“Purified diets use refined ingredients such as casein, sucrose, cornstarch, and cellulose. These human food grade ingredients have relatively simple chemical compositions (predominantly one nutrient classification) and this feature is important for manipulating individual nutrients for research purposes.”
Key words – “human food grade ingredients”.
The 1985 and 1986 Nutrient Requirements for Dogs and Cats were based on “purified” human grade ingredients. The 2006 Nutrient Requirements for Dogs and Cats – partially funded by the lobby organization Pet Food Institute – was not based on human food grade ingredients. The 2006 NRC report – which will soon become pet food law – is based on the “utilization of nutrients in ingredients commonly produced and commercially available”. Common ingredients such as genetically modified grains and rendered meat meals including those sourced from 4D animals (dead, diseased, dying, and disabled).
At the upcoming January 2014 AAFCO Meeting, the Model Bill Committee will receive updated nutrient requirements based on the 2006 NRC report partially funded by the Pet Food Institute – nutrient requirements based on non-human grade ingredients. When these nutrient requirements finally make it through the AAFCO process, they will become law. Law that all pet food manufacturers will be bound to – even those using human grade ingredients, and whole foods (not supplements) – IF they wish to state on their pet food label “complete and balanced”.
Complete and Balanced – one size must fit all law. One set of nutritional requirement law (based on science partially funded by an industry trade group and based on non-human grade ‘commonly produced’ ingredients) for…
- kibble foods made from heavily processed by-product meal powder meats;
- canned foods made with rejected for use in human food meats;
- lightly cooked pet foods sourced from USDA inspected and approved meats/vegetables;
- raw pet foods sourced from USDA inspected and approved meats/vegetables.
The ‘Complete and Balanced’ pet food statement is (unfortunately) held in the highest regard by most veterinarians and many consumers. The pet food consumer has been trained (brain washed) over many years to search for this statement on the label. Sadly, we now know that Complete and Balanced statement is founded on many misgivings.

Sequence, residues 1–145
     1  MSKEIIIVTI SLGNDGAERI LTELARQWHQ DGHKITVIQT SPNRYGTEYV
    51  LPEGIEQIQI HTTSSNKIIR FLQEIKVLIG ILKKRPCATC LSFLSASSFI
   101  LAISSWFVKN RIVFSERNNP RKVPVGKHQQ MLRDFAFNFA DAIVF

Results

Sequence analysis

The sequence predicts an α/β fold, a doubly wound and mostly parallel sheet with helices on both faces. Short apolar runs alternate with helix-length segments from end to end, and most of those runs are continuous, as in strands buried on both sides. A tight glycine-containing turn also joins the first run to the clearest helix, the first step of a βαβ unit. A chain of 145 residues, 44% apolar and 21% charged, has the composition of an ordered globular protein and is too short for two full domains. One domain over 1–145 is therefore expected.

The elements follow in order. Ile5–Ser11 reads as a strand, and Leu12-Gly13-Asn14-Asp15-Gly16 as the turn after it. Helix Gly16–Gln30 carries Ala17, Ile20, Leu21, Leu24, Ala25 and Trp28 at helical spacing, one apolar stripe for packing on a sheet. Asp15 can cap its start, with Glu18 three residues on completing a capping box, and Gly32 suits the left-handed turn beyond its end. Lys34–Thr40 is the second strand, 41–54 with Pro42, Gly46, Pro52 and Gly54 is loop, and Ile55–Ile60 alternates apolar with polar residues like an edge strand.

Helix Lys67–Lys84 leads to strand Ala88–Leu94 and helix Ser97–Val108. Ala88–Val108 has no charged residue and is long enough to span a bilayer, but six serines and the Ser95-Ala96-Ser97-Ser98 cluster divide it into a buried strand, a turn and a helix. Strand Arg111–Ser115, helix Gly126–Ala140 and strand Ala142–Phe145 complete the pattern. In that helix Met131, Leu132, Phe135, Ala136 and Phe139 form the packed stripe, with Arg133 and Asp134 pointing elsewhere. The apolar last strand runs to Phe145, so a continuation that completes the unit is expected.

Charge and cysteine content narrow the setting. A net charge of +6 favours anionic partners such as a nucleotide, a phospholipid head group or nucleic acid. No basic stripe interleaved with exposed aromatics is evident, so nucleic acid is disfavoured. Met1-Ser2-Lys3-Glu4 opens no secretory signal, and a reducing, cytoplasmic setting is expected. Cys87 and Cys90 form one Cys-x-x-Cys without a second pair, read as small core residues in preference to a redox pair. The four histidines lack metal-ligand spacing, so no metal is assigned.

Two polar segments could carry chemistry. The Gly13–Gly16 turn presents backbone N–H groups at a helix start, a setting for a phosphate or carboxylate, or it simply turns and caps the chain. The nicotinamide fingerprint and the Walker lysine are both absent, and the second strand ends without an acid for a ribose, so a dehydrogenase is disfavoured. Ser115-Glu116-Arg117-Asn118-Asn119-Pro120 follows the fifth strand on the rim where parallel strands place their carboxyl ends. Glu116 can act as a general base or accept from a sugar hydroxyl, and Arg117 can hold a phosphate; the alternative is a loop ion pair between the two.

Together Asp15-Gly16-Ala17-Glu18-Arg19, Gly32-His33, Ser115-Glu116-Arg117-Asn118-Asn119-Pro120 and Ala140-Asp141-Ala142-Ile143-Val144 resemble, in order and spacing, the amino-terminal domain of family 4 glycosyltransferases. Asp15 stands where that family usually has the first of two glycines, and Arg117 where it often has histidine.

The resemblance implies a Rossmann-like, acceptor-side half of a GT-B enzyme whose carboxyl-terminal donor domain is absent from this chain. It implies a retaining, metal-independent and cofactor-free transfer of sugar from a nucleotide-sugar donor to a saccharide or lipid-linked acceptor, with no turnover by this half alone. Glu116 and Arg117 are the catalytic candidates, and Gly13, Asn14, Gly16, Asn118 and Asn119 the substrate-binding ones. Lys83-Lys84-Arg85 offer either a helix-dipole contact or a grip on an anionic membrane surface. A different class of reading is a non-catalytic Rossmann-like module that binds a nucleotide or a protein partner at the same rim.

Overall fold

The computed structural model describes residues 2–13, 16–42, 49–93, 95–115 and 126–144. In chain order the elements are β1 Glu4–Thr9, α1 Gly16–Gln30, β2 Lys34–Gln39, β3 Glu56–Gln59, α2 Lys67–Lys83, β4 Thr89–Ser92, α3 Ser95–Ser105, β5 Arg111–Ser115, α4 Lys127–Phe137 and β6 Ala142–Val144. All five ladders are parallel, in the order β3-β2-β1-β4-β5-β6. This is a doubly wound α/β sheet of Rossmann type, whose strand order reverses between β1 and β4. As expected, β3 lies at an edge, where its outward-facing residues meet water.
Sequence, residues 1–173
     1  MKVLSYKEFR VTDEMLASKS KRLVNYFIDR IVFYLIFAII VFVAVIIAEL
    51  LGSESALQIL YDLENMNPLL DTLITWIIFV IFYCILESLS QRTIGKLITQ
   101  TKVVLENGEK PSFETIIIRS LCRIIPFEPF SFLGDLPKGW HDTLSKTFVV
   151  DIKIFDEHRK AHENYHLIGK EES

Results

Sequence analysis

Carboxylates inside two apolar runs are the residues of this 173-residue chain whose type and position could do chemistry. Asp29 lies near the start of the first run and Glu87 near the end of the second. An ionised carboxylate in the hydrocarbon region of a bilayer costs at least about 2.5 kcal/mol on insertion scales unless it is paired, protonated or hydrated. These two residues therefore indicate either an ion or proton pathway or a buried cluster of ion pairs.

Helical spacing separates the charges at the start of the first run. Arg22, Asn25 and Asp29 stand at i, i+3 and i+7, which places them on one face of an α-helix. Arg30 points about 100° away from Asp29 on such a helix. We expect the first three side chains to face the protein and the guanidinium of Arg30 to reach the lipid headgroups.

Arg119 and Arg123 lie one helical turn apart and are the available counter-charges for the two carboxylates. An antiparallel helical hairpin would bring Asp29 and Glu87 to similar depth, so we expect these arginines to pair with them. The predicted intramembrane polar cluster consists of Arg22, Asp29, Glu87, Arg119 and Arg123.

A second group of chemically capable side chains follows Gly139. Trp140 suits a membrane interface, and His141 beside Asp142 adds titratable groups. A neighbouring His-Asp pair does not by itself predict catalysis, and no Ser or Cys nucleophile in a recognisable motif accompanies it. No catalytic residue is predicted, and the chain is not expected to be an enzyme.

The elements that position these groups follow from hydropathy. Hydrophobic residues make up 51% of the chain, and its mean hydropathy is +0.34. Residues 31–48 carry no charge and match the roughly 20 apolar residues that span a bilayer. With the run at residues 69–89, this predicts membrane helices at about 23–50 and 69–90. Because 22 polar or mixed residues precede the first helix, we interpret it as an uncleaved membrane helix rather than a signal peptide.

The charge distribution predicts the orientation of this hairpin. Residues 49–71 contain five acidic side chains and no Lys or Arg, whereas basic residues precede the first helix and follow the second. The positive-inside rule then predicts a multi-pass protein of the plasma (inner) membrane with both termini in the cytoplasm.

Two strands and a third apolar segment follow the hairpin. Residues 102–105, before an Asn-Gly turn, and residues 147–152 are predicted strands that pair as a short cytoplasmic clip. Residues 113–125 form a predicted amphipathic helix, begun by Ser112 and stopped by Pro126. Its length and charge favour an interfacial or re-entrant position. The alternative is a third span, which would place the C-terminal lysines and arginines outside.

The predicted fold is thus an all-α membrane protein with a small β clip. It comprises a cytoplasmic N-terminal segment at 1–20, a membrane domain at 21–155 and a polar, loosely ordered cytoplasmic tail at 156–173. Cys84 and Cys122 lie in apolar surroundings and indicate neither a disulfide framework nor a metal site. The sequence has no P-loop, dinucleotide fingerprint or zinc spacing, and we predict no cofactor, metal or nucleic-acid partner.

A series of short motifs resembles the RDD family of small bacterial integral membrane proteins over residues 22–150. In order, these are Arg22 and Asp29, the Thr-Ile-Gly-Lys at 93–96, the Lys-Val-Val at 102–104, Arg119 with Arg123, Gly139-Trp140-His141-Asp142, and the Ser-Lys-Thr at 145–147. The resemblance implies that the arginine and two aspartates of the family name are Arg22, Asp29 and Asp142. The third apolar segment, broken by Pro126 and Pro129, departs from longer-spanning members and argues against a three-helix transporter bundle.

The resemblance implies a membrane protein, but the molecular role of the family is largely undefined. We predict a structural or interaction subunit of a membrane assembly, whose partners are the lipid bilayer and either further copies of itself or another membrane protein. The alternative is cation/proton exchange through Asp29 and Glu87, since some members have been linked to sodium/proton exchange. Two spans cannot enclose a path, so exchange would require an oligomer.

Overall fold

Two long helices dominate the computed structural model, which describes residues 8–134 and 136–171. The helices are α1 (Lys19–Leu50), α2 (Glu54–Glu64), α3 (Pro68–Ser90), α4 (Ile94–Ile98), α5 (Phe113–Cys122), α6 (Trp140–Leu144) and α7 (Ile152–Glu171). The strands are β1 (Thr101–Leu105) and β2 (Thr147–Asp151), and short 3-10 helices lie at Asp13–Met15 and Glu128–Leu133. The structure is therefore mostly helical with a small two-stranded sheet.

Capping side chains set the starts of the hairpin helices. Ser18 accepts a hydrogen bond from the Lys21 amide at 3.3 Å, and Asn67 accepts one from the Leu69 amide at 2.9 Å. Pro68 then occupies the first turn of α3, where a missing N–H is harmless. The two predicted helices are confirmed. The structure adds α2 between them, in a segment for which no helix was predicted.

The legal requirements of the Complete and Balanced statement you see on pet food labels is supposed to protect the consumer and their pet. But does it? Does a Complete and Balanced nutritional statement based on what appears to be biased science really protect the consumer and their pet? Or is it just another way pet food consumers are manipulated and lied to?
The very foundation that commercial pet food nutrient law is based on – new regulations will be based on – is (at best) flawed with bias. A one size fits all regulatory attitude cannot be the best for all the pets that consume far from ‘commonly produced and commercially available’ ingredient pet foods (human grade ingredient pet foods).
This investigation has been one of the most discouraging things Mollie and I have discovered thus far. The more we dug into this, the worse it got. And we’ve only scratched the surface. We have been consulting with numerous experts and are beginning to plan a strategy that best meets the needs of all pet food consumers that feed their pets human grade foods (all types of human grade pet foods – raw, cooked, can, kibble). We will keep everyone posted as this progresses.
Wishing you and your pet(s) the best,
Association for Truth in Pet Food
Pet Food Safety Advocate
Author Buyer Beware, Co-Author Dinner PAWsible